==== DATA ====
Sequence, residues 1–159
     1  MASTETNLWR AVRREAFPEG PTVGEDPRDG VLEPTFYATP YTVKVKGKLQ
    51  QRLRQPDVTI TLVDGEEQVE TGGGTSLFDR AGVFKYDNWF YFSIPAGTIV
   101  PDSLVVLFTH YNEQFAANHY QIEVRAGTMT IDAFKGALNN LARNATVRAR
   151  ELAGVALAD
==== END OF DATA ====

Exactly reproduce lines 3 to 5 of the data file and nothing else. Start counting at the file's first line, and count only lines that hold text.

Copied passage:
    51  QRLRQPDVTI TLVDGEEQVE TGGGTSLFDR AGVFKYDNWF YFSIPAGTIV
   101  PDSLVVLFTH YNEQFAANHY QIEVRAGTMT IDAFKGALNN LARNATVRAR
   151  ELAGVALAD